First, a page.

In his book Breaking the Thread of Life, the eminent moral theologian Robert Barry, O.P., demonstrated that pagan societies have always had enormous difficulty respecting human life. Pagans would commit suicide at the slightest provocation, whether to escape shame, pain and suffering, or to promote certain kinds of community values. From the Greek habit of keeping stores of poison available for popular use to the Japanese practice of hari kari, where ever personal suicide was accepted, assisted suicide and socially required suicide always co-existed. The widow had to be strangled, burned alive or buried alive with her husband’s corpse, for if she refused to die, she would be offending the community understanding of marriage. Wives would certainly suffer without their husband, and suffering was evil, so it were best the wives were put out of their misery immediately, even if they were not yet miserable.

This attitude, taken to its logical extreme, permitted human death for any reason or for no reason at all. As Rev. Barry points out, Russian roulette is ancient. In Thrace, a group of boys would hang a noose on a tree with a stone beneath it and draw lots. Whoever drew the short lot picked up a scythe, put his head in the noose and allowed the stone to be kicked out from underneath. He had to cut the rope with the scythe or die, as his friends watched in amusement at his frantic writhings, walking away merrily no matter what the outcome. Human life existed to be enjoyed, and if you did not enjoy your life, others would enjoy your life, and its ending, at your expense. Human life was nothing special.

The influence of Christian thought radically changed this idea. Where Christianity reigned, suicide disappeared. Prior to the Incarnation, it was not uncommon to find entire towns commit suicide on the approach of an armed enemy or in response to the ravages of pestilence and famine. After the Incarnation, a new idea became embedded in western society – suffering might actually be ennobling. It might actually contribute to the honor of the individual, it might have worth. The value of individual life infinitely elevated.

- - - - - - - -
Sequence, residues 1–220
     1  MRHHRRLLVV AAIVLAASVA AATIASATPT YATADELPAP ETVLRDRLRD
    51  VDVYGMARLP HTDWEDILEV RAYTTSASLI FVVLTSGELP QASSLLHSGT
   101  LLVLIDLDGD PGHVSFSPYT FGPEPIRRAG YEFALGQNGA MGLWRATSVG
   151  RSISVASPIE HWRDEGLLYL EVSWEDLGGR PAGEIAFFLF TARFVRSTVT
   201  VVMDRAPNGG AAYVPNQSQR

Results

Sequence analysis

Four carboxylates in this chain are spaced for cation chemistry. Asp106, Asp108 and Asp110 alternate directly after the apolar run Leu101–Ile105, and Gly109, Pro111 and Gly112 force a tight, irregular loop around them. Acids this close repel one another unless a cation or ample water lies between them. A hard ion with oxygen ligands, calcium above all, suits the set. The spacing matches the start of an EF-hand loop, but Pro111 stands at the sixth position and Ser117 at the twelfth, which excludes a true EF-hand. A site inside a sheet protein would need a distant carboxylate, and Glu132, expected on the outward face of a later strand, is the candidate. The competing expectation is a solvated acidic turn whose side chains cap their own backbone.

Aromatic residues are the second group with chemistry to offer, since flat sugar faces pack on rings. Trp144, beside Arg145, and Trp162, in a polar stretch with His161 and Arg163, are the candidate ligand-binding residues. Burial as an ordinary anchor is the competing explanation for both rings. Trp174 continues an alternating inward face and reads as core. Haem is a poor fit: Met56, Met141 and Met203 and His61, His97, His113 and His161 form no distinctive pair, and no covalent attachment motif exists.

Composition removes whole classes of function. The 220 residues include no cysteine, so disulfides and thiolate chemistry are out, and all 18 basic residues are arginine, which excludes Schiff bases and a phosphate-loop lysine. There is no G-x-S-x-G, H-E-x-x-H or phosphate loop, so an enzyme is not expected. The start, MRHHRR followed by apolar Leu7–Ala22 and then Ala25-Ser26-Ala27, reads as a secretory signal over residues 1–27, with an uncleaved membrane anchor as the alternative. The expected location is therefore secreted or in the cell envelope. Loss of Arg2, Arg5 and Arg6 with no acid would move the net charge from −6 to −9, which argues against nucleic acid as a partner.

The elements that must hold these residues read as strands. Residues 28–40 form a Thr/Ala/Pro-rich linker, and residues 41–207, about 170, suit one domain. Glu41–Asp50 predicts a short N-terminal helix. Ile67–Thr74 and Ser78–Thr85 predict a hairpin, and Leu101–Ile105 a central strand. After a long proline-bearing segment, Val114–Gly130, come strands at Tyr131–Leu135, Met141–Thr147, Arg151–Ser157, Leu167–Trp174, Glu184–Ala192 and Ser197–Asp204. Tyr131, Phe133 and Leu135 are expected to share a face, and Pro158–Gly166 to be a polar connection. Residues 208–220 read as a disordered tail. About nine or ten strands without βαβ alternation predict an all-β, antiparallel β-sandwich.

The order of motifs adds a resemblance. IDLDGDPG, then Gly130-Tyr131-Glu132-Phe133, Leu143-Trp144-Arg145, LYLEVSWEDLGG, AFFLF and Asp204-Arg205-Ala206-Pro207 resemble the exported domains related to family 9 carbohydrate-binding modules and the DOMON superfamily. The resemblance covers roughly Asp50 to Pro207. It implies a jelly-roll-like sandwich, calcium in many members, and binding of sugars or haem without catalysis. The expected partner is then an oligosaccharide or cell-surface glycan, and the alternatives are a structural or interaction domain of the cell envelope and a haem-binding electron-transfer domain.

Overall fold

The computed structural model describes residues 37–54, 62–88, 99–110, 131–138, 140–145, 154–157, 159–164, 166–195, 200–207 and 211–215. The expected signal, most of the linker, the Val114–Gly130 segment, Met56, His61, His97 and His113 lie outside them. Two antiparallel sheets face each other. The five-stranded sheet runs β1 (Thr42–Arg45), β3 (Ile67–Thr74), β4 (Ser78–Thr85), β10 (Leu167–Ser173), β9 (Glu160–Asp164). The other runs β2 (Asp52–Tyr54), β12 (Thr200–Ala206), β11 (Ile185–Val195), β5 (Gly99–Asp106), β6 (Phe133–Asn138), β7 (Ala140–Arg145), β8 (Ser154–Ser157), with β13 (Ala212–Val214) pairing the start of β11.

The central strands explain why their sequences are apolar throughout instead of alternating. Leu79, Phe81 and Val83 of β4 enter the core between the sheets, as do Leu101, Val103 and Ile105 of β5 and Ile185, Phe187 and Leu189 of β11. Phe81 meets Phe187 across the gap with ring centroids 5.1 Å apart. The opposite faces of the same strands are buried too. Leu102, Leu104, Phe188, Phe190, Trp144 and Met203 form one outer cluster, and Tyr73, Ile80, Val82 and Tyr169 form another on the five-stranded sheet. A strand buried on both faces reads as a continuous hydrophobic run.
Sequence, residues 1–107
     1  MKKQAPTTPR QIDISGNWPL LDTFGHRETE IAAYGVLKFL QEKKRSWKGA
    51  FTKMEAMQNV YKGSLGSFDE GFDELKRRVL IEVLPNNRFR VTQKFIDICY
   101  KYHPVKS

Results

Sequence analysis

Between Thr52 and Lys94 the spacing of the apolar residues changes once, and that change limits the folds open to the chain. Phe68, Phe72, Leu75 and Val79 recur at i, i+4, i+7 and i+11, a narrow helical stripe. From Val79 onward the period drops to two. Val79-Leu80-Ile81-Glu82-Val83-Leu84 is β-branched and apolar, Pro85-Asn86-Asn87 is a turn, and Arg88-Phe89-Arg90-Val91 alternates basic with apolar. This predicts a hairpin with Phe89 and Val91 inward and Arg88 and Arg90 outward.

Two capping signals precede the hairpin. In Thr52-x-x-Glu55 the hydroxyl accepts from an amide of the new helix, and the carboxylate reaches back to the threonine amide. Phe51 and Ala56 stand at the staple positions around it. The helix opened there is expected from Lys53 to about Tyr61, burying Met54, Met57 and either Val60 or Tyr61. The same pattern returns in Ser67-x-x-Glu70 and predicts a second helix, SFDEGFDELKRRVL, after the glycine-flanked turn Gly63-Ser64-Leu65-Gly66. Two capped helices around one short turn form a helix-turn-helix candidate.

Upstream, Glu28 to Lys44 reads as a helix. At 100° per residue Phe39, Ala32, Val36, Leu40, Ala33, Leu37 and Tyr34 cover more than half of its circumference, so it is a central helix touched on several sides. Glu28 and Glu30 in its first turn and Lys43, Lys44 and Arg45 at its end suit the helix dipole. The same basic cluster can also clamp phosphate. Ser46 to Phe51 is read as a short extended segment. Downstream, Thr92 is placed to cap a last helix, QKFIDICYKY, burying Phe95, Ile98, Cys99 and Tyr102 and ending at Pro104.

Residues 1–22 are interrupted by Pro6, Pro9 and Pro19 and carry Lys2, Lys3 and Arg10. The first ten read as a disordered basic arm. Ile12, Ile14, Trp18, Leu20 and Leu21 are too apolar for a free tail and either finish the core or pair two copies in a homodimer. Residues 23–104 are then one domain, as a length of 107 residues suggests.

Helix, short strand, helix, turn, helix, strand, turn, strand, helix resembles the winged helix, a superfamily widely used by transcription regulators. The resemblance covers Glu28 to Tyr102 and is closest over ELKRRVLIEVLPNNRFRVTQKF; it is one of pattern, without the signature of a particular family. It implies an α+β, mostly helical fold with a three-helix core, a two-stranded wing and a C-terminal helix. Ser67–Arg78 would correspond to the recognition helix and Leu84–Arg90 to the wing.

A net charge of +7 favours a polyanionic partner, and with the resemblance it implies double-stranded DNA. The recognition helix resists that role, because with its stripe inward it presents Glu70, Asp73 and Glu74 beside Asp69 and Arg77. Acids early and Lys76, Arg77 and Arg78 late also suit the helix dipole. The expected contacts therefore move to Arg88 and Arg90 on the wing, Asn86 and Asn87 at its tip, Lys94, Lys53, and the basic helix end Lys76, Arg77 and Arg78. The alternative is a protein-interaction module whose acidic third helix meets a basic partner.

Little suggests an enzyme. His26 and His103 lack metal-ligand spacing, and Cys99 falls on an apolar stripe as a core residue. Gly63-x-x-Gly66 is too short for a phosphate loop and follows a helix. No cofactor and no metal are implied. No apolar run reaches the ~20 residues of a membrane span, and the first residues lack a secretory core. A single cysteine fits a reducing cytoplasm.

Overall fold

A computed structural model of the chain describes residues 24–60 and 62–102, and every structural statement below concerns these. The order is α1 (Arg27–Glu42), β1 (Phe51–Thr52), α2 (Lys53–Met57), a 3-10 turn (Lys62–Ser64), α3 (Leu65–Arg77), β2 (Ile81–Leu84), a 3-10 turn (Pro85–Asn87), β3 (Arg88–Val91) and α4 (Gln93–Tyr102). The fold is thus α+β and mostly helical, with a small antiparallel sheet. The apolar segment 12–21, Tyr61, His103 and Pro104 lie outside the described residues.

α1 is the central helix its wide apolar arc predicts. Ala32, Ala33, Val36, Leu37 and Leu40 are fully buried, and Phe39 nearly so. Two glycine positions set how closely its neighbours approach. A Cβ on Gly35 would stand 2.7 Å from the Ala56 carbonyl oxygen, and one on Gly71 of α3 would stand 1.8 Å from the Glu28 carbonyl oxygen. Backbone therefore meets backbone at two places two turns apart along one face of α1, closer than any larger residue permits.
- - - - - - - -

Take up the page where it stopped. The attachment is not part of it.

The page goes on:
Post-Christian society has not only returned to the pagan notion of human life as valueless, it has actually degraded it more thoroughly. Pre-Christian pagans at least insisted the woman be a widow before she was thrown screaming into the fire. Post-Christian pagans aren’t so punctilious about details. So the husband is alive, so what? All the more reason the wife should die. Instead of throwing the wife alive onto the funeral pyre, just throw her alive into any old fire. The thirst of dehydration lasts enormously longer than the kicks of the hanging man with his blunt scythe, and pagans can take that much more morbid enjoyment in the process as we cluck sympathetically about the sad situation.

As we remove the requirement that God be the basis for the legal system, we remove the requirement that truth be the basis for legal action. At this point, it would not matter if Terry miraculously gained the power of speech tomorrow. The principals plotting her death have become so enamored of their power that even her own spoken testimony would arguably be inadmissible before the court. They need only a doctor who would assert that her plea for life was just an artifact, a spasm of diaphragm muscles that really could not be held to mean anything, regardless of the words they seemed to form. As has already been demonstrated, one can find a doctor who will testify to anything given the right motivation.

Terry is being killed in order to establish a principle: God is dead. Whereas the pre-Christian pagans sought to establish law in harmony with divine principles, but could not do so because they did not fully know God, the post-Christian pagans actively seeks to divorce divine principles from the law because they have learned of God’s existence and they reject Him. As everyone knows, it is easier to destroy than it is to create. Destruction takes no imagination, no power, it takes merely determined blindness, an adamant refusal to accept the reality of anything except one’s own will. We see in this struggle three men – a lawyer, a husband and a judge – attempt to decree the death of a bride. We know God, the Lawgiver, the Bridegroom, the Judge, desires life for this bride. If Terry dies, it is because three human men will what three divine Persons do not.

Saturday, March 12, 2005

Florida's Fast Food

“Thank you for coming to Burger Biggie’s. May I take your order?”

“Yes, I would like a Biggie Bun, large fries, and a water, please.”

“Water?”

“Yes, a water please.”

“Alright, hold on just a minute. Doctor!!”

“Doctor?”

“Yes, doctor. As you know, water is a medical treatment. I’m not a doctor and I can’t prescribe that for you. We need to get our doctor out here to assess you and determine if this is appropriate treatment.”

“But, I…”

“Hmmm, what’s all this? I was in the middle of filling an inside straight when you… oh.…. wait… we have another one, don’t we? Open your mouth please.”

“Look, I just wanted to get a meal.”

“Orderlies, hold this man down.”

“Wait, I … wahh, mmfff…mmfff”

“Ah, I see the patient has a sore throat. Has he had trouble swallowing?”

“Well, it’s just a cold, and I…”

“I can’t understand a thing this man is saying.”

“Well if your orderly would keep his towel out of my mouth…”

“I’m sorry, this man needs rehabilitation before he can safely be given a dangerous medical treatment like a Biggie Bun, fries or water. Where is his guardian?”

“My what?”

“You see? He can’t communicate effectively. Bill, you were taking his order. Has he been like this since he came in?”